Most long-term couples will tell you that one of the most important parts of a successful relationship is communication.
This may seem like a no-brainer, but you’d be surprised how many people struggle with healthy communication. YourTango.com conducted a survey of mental health professionals, who reported that the cause of divorce in 65% of couples was poor communication. That’s pretty compelling evidence that proper communication is a vital part of keeping your relationship strong and healthy.
So how can you learn to communicate better with your partner? Implementing these best practices for better communication is a great place to start.
When implementing good communication habits, eliminating distractions should be priority number 1. Nobody likes trying to have a conversation while the other person is constantly checking their email or scrolling through Facebook.
When talking with your partner, put your devices away and give them your undivided attention. Whether you’re discussing something simple or something serious, making the conscious decision to eliminate any potential distractions tells your partner that they are your priority.
Stashing the tech also ensures that you are truly listening. When it’s your turn to talk, your partner can give you their full attention and help you feel heard.
Pick Up On Non-Verbal Cues
During a conversation or argument, what a person is saying only tells a piece of what’s going on in their head. You can read between the lines by learning to pick up on non-verbal cues.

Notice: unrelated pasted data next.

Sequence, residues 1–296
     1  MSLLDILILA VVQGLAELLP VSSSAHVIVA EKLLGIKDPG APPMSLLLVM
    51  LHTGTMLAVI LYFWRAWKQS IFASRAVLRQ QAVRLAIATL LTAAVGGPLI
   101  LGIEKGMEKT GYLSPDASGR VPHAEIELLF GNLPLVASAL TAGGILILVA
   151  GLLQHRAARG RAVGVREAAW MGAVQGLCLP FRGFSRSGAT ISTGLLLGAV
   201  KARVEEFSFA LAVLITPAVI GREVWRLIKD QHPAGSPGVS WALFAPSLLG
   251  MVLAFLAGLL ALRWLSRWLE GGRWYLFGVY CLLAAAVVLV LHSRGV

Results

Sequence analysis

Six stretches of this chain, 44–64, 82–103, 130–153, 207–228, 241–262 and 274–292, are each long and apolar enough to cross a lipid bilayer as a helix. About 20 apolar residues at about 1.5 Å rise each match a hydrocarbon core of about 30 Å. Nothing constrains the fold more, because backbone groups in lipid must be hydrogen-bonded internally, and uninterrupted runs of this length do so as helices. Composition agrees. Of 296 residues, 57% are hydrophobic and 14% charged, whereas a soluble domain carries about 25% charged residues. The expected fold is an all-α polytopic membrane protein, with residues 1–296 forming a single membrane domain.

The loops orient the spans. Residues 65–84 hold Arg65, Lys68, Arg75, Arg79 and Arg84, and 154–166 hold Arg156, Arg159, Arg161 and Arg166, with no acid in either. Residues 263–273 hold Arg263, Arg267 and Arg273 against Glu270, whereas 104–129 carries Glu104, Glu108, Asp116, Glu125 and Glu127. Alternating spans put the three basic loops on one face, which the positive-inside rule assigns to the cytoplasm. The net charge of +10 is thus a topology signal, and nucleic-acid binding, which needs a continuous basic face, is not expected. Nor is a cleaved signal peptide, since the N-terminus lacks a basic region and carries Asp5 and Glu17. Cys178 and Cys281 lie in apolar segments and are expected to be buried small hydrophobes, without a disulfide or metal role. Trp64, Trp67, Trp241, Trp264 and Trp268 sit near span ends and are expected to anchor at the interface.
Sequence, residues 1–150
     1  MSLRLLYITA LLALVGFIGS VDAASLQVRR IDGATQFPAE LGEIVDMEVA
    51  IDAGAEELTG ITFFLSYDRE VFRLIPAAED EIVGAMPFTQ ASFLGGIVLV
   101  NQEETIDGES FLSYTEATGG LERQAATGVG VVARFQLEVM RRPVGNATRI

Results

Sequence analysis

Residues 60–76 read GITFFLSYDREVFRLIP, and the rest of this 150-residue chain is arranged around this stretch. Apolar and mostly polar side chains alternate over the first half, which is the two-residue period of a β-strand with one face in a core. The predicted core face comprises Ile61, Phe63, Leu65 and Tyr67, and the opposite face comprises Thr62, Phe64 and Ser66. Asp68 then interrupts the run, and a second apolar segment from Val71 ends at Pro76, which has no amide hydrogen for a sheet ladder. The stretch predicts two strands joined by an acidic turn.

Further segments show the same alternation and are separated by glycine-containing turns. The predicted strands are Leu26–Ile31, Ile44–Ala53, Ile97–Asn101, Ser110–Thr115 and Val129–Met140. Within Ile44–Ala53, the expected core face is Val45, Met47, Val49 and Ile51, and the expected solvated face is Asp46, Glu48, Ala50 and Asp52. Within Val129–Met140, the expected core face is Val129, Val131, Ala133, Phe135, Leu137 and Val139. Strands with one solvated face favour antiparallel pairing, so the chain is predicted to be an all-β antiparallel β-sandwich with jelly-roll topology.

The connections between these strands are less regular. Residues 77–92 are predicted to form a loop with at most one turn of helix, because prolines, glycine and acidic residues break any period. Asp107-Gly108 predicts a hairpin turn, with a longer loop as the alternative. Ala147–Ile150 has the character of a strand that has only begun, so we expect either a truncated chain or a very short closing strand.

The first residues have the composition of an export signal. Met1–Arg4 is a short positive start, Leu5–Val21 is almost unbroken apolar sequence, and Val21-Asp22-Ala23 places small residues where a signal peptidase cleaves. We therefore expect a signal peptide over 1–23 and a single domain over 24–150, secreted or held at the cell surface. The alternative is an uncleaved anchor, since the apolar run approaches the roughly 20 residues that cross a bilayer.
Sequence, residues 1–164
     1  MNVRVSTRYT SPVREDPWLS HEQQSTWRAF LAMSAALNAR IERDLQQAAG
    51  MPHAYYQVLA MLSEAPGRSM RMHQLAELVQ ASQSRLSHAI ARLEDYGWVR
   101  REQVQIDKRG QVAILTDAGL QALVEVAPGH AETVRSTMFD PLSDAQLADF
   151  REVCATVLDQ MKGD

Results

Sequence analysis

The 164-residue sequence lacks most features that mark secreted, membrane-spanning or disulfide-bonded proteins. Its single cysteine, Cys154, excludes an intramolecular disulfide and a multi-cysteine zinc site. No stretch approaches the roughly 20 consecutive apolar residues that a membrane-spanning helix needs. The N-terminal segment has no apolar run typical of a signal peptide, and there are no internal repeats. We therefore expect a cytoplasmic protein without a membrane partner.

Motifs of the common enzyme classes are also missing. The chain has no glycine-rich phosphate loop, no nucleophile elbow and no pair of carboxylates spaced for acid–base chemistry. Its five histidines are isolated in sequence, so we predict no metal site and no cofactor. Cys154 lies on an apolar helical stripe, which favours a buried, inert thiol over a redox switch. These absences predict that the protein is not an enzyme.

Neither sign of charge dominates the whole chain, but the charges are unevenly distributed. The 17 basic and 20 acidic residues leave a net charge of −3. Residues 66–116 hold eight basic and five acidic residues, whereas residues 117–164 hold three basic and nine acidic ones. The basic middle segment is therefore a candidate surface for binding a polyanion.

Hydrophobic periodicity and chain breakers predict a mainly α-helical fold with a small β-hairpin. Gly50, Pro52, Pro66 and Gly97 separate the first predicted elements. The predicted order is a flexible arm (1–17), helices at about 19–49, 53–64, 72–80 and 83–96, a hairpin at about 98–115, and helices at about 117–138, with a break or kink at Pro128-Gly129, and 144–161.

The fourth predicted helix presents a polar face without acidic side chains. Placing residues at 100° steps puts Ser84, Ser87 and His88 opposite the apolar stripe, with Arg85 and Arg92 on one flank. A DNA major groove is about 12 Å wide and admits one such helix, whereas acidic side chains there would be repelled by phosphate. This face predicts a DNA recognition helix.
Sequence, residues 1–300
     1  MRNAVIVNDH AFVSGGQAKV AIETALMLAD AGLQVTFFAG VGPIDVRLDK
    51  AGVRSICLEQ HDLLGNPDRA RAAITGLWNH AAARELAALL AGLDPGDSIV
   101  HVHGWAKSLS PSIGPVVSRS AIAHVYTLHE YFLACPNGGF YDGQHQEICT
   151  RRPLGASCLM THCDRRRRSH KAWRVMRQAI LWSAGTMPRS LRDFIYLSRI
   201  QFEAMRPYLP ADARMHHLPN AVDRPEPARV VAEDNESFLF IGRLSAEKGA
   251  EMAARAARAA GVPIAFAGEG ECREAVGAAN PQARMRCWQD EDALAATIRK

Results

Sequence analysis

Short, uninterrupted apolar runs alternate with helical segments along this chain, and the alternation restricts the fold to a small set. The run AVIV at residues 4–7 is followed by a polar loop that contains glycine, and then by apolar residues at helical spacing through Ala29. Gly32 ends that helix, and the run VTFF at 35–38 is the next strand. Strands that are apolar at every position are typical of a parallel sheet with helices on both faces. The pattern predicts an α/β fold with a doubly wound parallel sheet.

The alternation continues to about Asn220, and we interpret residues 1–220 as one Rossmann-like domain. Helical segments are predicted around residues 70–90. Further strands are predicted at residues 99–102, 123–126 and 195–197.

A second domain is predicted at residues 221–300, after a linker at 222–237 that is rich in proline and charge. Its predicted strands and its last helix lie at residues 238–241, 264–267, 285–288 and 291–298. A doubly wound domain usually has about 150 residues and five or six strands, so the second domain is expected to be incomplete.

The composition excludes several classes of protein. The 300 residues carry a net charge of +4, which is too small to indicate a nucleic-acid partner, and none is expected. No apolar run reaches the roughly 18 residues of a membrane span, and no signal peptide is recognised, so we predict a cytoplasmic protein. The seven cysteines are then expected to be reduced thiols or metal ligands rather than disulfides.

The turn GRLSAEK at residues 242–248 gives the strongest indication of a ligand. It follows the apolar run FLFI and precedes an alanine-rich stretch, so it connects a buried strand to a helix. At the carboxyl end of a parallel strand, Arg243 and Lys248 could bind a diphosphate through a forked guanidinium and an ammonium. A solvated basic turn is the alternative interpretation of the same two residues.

Non-verbal clues can include facial expressions, eye contact, body movement and posture, and touch. If your partner is saying everything is fine but their facial expression and posture suggests otherwise, take some time to sit down and talk to them about what’s on their mind.
Expressing empathy is one of the best ways to create a strong bond and build trust. When there’s trust between partners, communication tends to become easier. When your partner has a bad day at work, set aside some time to sit and talk to them about it. Don’t try and solve their problem, because often there is no solution. Instead, express empathy by saying things like, “It sounds like that really upset you,” or “Gosh, it must have been hard to receive feedback like that. Do you want to talk more about it?”
A little bit of empathy will go a long way toward creating strong, healthy bonds and open up lines of communication.
This is a tough one, but it goes hand-in-hand with empathetic listening. To suspend judgment means to listen and strive to understand what your partner is saying; to see things from their point of view. This is especially difficult during an argument. It’s tempting to argue and become defensive, but this can often shut down communication completely… and that’s definitely the opposite of healthy communication.
Instead, you can work on your judgment suspending skills by:
- Keeping an open mind
- Writing down objections or rebuttals instead of just blurting them out
- Finding common ground whenever possible
Work on this one together as a couple, and never be afraid to enlist the help of a couples therapist. Your relationship doesn’t have to be on the rocks to benefit from seeing a counselor — they might even be able to help you improve your communication skills.